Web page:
But being taken seriously in the West means these Chinese firms are facing an additional challenge. Walk through exhibits from some manufacturers based there, and gaps in their plan for world domination start to become obvious. The inscrutable East seems to find the West equally difficult to understand. Mastering the subtle nuances of appealing to western consumers appears to be an art many haven’t yet come to terms with.
The displays of some Chinese exhibitors at Agritechnica seemed to have a lot in common with something you might expect to see at a street market vendor. Bright-yellow walls (a colour associated with social status, good luck and the earth in the Five Elements Theory within Chinese culture) often looked out of place, especially since they were plastered with poorly translated, English language slogans. They weren’t exactly stopping passersby in their tracks.
Even in some of the better turned-out Chinese exhibits, language translations were often poorly done. The language skills of many people inside the displays were even worse.
The overall marketing strategies of some Chinese manufacturers seem to miss the mark, too. Consider the Zoomlion brand name, for example. I suspect that name — or a literal translation of it — is culturally significant in China. The question is, will most western farmers just consider it silly? Farmers are likely going to be reluctant to write a six-figure cheque for a machine that doesn’t command their respect.
I can remember interviewing a Saskatchewan farmer several years ago, because he operated a farm fleet made up exclusively of ’70s-era, Soviet-built tractors. The brand did develop a small and loyal following here, but for the most part it failed to make major market inroads. Many potential buyers just wouldn’t take these tractors seriously. That particular farmer did, and he was willing to sacrifice the sophistication common to traditional North American brands in order to reap the low operating cost these tractors offered. But his comments during our conversation seemed to sum things up.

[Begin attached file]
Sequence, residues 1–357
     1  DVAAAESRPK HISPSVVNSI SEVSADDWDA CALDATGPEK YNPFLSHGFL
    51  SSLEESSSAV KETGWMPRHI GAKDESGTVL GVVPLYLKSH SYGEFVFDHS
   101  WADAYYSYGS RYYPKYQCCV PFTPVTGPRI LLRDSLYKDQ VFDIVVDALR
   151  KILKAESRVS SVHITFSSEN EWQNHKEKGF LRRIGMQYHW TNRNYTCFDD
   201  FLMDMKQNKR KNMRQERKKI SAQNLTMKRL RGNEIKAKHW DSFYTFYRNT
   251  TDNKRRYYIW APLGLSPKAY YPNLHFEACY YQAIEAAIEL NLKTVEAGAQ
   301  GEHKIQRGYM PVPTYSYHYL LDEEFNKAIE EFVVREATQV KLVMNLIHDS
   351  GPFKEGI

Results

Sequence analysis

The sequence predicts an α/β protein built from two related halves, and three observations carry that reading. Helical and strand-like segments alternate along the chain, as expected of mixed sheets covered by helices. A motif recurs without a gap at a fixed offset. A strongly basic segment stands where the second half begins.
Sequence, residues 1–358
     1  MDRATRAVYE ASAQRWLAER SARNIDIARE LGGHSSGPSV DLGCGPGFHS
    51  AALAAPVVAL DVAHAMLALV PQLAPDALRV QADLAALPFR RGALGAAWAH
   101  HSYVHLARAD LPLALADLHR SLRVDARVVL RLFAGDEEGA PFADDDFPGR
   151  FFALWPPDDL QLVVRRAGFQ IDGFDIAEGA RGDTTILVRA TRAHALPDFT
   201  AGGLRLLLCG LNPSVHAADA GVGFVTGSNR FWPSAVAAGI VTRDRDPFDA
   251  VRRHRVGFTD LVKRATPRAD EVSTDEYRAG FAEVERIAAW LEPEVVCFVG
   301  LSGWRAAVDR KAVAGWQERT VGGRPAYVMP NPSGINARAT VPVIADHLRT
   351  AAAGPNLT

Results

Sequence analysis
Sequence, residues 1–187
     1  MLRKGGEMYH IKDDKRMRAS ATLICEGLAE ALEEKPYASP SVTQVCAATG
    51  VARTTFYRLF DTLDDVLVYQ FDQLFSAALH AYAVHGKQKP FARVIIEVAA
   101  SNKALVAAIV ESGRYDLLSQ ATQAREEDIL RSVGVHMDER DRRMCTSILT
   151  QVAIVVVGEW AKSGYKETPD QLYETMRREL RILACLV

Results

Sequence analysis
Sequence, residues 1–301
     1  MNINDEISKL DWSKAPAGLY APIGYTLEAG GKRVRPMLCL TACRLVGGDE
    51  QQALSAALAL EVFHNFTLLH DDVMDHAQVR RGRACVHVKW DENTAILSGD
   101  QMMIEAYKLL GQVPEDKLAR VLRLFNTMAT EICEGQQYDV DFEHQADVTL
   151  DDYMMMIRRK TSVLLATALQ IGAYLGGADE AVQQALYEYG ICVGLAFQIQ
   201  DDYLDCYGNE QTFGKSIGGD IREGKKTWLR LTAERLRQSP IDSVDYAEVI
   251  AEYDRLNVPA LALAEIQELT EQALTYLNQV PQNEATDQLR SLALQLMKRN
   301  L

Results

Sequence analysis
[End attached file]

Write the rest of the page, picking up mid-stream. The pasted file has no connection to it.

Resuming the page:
“They have to have good lights,” he said with a smile. “Why?” I asked, a little confused. “Because you only want to drive them at night when no one can see you,” he replied.
Learning to understand the subtleties of western markets is one major hurdle that up-and-coming brands from Asia and all emerging countries will have to clear before they can truly set themselves on a path to global status. Either that or they’ll need to build tractors with good lights.
What’s in a name?
In Europe, most tractor manufacturers have used model names for decades, just as North americans have used model names for their cars.
Now, we can expect to see more names for tractors and other farm equipment on this side of the atlantic too.
It’s because global companies are moving toward increased standardization of their equipment across all western markets. For example, Case IH has just added to its practice of naming tractors with the introduction of the new Optum line.
The name Optum is one of those made-up words companies are increasingly turning to instead of monikers that actually mean something, like Ford’s “Mustang” or Chrysler’s “Ram.” These days marketing bosses at Case IH aren’t alone in opting for mean-nothing names. It’s a trend european brands are embracing as more and more of their machines head off to foreign markets.
“The machines that were built during the beginning of our company history had relatively normal names,” said Gunter Leigers, a retired engineer at Claas, as he guided a group of journalists through the company’s factory in Harsewinkel, Germany in November.
“Names had a realistic meaning,” he continued. “Now, over three-quarters of our machinery is sold outside Germany. So, that gives you a problem with naming your equipment. If the translation of a name is not well done, people would either be laughing at you or not taking your equipment seriously. So that is why, more and more, we’re using artificial names, like Arion, Xerion and Lexion.
“One of the reasons is the problem of translating names. Chevrolet, for instance, built a small car named Nova. It might be a good name of a star in the sky, but in Spanish it can mean ‘it doesn’t work.’ Now, would you drive a car (with a name) that clearly says this car doesn’t work at all? That’s the reason we’ve decided in favour of artificial names and acronyms. but it’s always a problem finding a proper name for new machinery.”